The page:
Combat Robotics at Cornell

Coming from a high school FRC background, I was super excited to see what the engineering project teams, and robotics in particular, would be like in college. Robotics is my favorite subfield of engineering because it allows for continuous innovation and never gets stale. For 2 years, I worked with multiple project teams at Cornell and learned a lot, while feeling like I was capable of more. Naturally, I chose to form my own team in order to create and hopefully improve upon the inspiring environment I was lucky enough to have in FRC.

With the help of some friends, I formed the Cornell University Combat Robotics Team in March of 2019 and we were able to make great strides, finally becoming a project team in January 2022. Over the last 3 years, I helped design and manufacture many of the robots in our arsenal today. As the Training Lead of the team, I created an 8-week Combat Robotics Fundamentals training curriculum to teach members about about design-oriented thinking, CAD, Arduino, Stress simulations, and strategies for building combat robots. In March 2022, we competed at Norwalk Havoc Robot League, where our 12lb sportsman bot, Lance, went 1-1 and our 12lb kinetic robot went 4-2, qualifying us for the finals in December!


Aesthetically reminiscent of the lovable wooly mammoth from Ice Age, Manny was once an idea in my head I had about controlling multiple attack mechanisms with a single actuator. The two attacks come from a flipper that knocks the opponent up and a hammer that smacks the other robot back down. In design, the mechanisms are all ultimately linked to a position-controlled motor driving a snail drop cam. A follower is attached to each side of the flipper, which also pushes the back of the hammer to a certain height. The hammer would have a constant downforce applied by an elastic material (like surgical tubing) connected to the base of the robot. Thus, at the maximum diameter portion of the cam, the back of the flipper would be pushed up (pushing the flipper into the ground) and the hammer would be at its highest with the most spring force acting downward. When the cam rotated past its threshold, the elastic force + weight of the hammer would activate the flipper, then immediately hit the dislocated opponent robot. While this was not the intent, in potential combat situations, the tubing could be wrapped tighter, increasing the potential energy in the system and dealing a heavier blow, though also increasing the damage to itself each time the attack triggered. One of the initial goals of the team, in order to incorporate students who preferred to code robots, was to make autonomous robots. In practice, Manny became the testing robot for the firmware subteam because of its relative fragility compared to most competition robots in its weight class and its active weapon that gave the robot far more strategic capabilities. Over the next several months, the team worked to develop a vision tracking system that worked using just an ultrasonic sensor mounted on a servo and the motion of the robot to identify opponent robots and activate its attack once they were close enough. A future goal of the project is to have Manny fight one of our tele-operated robots at a showcase and see who wins.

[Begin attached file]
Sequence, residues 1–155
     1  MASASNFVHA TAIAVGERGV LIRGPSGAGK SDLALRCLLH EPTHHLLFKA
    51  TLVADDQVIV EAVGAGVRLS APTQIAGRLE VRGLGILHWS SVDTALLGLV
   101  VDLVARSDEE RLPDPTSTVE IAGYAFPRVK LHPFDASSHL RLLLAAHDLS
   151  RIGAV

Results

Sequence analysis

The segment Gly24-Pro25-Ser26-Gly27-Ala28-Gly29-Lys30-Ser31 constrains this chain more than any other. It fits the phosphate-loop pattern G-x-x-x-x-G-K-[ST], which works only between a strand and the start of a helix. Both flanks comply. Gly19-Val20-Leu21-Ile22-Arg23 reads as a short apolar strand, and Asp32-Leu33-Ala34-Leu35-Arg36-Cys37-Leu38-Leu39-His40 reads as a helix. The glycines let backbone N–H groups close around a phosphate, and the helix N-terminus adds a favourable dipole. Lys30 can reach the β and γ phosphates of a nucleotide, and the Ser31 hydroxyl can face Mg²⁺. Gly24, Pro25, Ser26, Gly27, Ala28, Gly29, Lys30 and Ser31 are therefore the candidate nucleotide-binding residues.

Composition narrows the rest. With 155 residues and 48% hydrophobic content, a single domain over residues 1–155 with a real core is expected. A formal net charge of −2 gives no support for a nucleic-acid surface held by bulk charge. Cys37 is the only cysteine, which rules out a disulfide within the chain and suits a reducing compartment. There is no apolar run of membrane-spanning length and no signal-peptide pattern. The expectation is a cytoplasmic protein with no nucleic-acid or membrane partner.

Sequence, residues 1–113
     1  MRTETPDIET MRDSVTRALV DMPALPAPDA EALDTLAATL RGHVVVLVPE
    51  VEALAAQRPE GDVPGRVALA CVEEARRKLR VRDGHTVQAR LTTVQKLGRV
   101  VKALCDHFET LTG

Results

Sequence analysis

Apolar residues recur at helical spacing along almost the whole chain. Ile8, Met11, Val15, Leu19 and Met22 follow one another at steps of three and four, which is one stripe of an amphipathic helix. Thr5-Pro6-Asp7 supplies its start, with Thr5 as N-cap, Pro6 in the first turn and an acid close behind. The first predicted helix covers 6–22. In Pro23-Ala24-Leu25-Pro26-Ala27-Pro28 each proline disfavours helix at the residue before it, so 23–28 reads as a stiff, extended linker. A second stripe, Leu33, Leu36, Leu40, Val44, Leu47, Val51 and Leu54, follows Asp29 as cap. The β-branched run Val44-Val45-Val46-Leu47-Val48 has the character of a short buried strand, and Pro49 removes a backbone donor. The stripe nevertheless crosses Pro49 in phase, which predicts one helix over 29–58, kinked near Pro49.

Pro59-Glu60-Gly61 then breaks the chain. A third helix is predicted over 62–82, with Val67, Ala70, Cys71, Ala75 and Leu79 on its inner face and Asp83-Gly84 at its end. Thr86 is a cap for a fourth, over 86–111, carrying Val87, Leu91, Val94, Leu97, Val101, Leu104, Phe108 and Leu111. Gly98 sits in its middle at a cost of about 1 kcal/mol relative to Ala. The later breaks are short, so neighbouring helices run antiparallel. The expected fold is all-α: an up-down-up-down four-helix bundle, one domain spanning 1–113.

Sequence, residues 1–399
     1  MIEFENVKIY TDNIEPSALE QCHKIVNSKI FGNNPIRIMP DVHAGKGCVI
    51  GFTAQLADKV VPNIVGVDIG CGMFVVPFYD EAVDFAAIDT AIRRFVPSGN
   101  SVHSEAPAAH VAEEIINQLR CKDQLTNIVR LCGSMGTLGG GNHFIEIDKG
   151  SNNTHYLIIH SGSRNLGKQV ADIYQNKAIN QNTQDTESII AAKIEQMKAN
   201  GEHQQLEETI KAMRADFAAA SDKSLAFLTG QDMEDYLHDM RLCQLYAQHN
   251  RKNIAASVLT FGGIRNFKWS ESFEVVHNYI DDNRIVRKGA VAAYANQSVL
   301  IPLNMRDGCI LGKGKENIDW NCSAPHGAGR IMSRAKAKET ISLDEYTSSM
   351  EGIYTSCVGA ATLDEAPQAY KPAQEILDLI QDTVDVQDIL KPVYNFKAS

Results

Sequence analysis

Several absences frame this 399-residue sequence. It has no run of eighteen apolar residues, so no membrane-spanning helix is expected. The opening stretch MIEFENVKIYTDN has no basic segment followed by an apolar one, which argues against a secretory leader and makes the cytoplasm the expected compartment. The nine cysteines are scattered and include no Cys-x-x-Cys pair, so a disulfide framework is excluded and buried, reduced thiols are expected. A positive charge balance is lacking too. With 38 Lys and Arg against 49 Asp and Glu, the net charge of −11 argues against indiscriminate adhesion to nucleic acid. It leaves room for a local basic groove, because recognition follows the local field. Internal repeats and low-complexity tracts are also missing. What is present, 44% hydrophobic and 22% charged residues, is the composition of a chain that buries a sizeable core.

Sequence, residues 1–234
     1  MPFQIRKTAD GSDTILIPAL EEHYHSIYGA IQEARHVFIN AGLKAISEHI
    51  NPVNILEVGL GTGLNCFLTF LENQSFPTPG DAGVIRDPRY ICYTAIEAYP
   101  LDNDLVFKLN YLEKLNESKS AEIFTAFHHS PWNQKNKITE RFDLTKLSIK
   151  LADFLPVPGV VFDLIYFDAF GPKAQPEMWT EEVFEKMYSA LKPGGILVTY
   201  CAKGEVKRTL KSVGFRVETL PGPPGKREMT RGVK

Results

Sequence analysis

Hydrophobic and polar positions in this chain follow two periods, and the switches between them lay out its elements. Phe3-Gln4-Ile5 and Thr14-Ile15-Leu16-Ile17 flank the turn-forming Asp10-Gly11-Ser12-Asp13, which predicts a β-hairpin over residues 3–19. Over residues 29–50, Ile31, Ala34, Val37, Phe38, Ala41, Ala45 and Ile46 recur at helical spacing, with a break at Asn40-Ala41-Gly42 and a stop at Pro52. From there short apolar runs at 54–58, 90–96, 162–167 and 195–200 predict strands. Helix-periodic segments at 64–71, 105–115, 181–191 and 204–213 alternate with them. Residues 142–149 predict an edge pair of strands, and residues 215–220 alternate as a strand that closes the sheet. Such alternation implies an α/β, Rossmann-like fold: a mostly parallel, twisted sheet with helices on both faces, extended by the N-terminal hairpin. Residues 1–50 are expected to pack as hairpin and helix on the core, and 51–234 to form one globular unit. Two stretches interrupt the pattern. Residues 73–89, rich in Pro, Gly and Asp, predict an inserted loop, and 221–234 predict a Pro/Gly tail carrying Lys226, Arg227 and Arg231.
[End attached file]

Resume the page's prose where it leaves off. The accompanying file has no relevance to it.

Lance was our sportsman subteam's 2022 robot. From the onset, the goal was to take Lance to a competition with an active weapon so that the robot could be passed onto the firmware team. This was an opportunity for our team to focus on idea execution and manufacturing rather than just come up with a really cool- looking CAD. Our priorities were to build a robot that is (1) easy to drive, (2) robust enough not to break under reasonable force, and (3) have a reliable attack mechanism. Lance featured a powered 'lance' that could act as a flipper or a spear and a speedy differential drivetrain. The High Density Polyethylene chassis was made with 0.5" stock and used puzzle fits to significantly decrease the effect of impacts on the structural integrity of the robot and is as compact as possible. In April 2022, I drove Lance at NHRL, handily winning the first match. Due to a malfunction in the attack mechanism that I didn't notice, Lance unfortunately lost its second match as it was unable to flip the opponent even after getting under it.